As soon as I am on treatment I will be looking to go back to some kind of employment. .I'd be devastated if I couldn't job, as for other people, is a.major part of my life and my identity.

  • Hi Minsha, that must have been so hard. I really hope your treatment does get your condition under control so you can go back. Has your doctor told you when that will start?

  • When I was with a multinational telco I ended up in hospital and ICU for 32 days. My Manager was asked to see me and ask when I will be back to work? But would not accept that he was unable to as I was in a coma at the time? I was off work for a total of 5.5 months and was threatened with a written warning for being off so long. I did speak to the equality commission who said if they do they will take the to court. I had informed them of my lung and heart conditions in my application.

    My last employer sent an email to all staff telling us not to use the disabled car park as they need it for the van for loading! Even though I explained I have great difficulty walking far they insisted I most not use it. They then moaned because I was late as it took me too long to walk from where I had parked my car.

    My health has worsened to a level now I cannot work.

  • It takes a lot to shock me Offcut, but that has done it! Not only is that horribly cruel, but als unbelievably stupid. I'm so sorry you had to go through all of that.

  • They said that as long as my broadband is high enough I could work from home but as soon as this was looked into my same company broadband speed dropped below the minimum ? There was a few dirty tricks they did but in the end they made me redundant.

    My last company just had an attitude of, if you do not like we will find someone else.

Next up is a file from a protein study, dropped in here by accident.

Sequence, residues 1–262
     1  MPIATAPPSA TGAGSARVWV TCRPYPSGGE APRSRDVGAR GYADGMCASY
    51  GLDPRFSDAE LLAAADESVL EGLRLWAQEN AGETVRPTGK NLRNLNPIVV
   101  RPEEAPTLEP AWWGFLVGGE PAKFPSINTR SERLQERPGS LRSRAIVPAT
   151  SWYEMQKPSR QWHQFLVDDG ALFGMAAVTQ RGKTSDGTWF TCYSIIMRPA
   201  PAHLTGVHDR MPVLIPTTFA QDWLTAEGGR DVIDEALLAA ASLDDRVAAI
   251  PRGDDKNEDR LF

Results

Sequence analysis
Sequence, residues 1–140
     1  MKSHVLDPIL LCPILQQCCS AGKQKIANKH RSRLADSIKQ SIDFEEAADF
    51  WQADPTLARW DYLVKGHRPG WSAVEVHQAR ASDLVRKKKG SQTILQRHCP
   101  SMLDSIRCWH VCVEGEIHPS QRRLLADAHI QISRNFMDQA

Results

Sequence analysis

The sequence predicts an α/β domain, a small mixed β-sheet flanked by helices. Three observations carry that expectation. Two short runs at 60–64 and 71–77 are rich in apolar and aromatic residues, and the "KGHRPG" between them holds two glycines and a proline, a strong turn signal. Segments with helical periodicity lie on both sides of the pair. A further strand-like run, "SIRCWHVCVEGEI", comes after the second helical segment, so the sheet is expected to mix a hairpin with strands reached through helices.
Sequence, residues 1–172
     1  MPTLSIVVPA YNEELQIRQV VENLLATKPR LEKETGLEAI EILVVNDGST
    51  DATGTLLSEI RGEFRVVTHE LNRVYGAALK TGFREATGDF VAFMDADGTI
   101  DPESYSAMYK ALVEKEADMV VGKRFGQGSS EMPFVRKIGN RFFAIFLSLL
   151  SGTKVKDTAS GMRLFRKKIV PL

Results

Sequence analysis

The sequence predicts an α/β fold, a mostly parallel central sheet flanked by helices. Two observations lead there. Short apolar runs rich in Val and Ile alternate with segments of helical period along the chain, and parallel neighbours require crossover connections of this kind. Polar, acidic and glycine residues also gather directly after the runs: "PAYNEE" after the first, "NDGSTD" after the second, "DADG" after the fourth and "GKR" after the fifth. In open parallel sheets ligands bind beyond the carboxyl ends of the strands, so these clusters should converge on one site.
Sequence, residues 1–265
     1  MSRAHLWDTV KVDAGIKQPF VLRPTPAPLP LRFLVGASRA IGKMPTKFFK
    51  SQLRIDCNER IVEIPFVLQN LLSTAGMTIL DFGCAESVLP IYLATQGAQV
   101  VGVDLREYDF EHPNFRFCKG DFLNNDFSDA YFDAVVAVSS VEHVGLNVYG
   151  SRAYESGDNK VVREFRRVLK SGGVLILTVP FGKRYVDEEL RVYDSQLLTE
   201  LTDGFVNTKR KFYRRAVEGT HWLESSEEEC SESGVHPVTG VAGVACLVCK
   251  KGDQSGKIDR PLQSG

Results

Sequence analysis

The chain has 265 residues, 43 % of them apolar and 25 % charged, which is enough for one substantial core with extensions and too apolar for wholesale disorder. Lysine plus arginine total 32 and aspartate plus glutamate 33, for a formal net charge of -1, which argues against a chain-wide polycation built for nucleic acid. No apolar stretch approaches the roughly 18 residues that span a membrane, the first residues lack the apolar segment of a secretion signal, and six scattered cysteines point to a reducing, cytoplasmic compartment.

I cannnot leave out my conditions on the forms as I need regular blood and health checks, I have now found unless they get 100% minimum you are not wanted? If you do take them to court then that will red flag you for future job hopes.

  • That's just awful. And really highly how urgently something needs to happen to help people in that situation.

  • I think having read the stories so far I've been incredibly lucky.

    I've been a civil servant for 20 years and been diagnosed for the last 6 years. As soon as I was diagnosed (because of the transplant issue) I went to see my union rep and together we went to see HR.

    They have so far been excellent. They've adjusted my sick leave levels so that I can have a more days off without receiving the letter. I was given a laptop so I could work from home if I wasn't feeling great or more importantly my colleagues were all coughing and spluttering.

    I also work from home for a say each week ao I don't have to travel. They've given me all the time I've needed for hospital appointments and even special paid leave to attend the think tank event in London. I was even asked to speak at an executive team meeting about living with an 'invisible disability' along side 3 other colleagues suffering from other invisible disability. So I think I've been lucky.

    That said - I haven't breached my sick leave yet in anyone year so it may all change. It seems my little patch of the civil service is more enlightened than others.


  • Hi Marie,

    It really does! It's so refreshing to hear about an employer who's getting it right. I'm really glad you shared this as it's really helpful not only to show what best practice looks like but also that it's already happening in some places. I really hope that they keep working with you to make this work.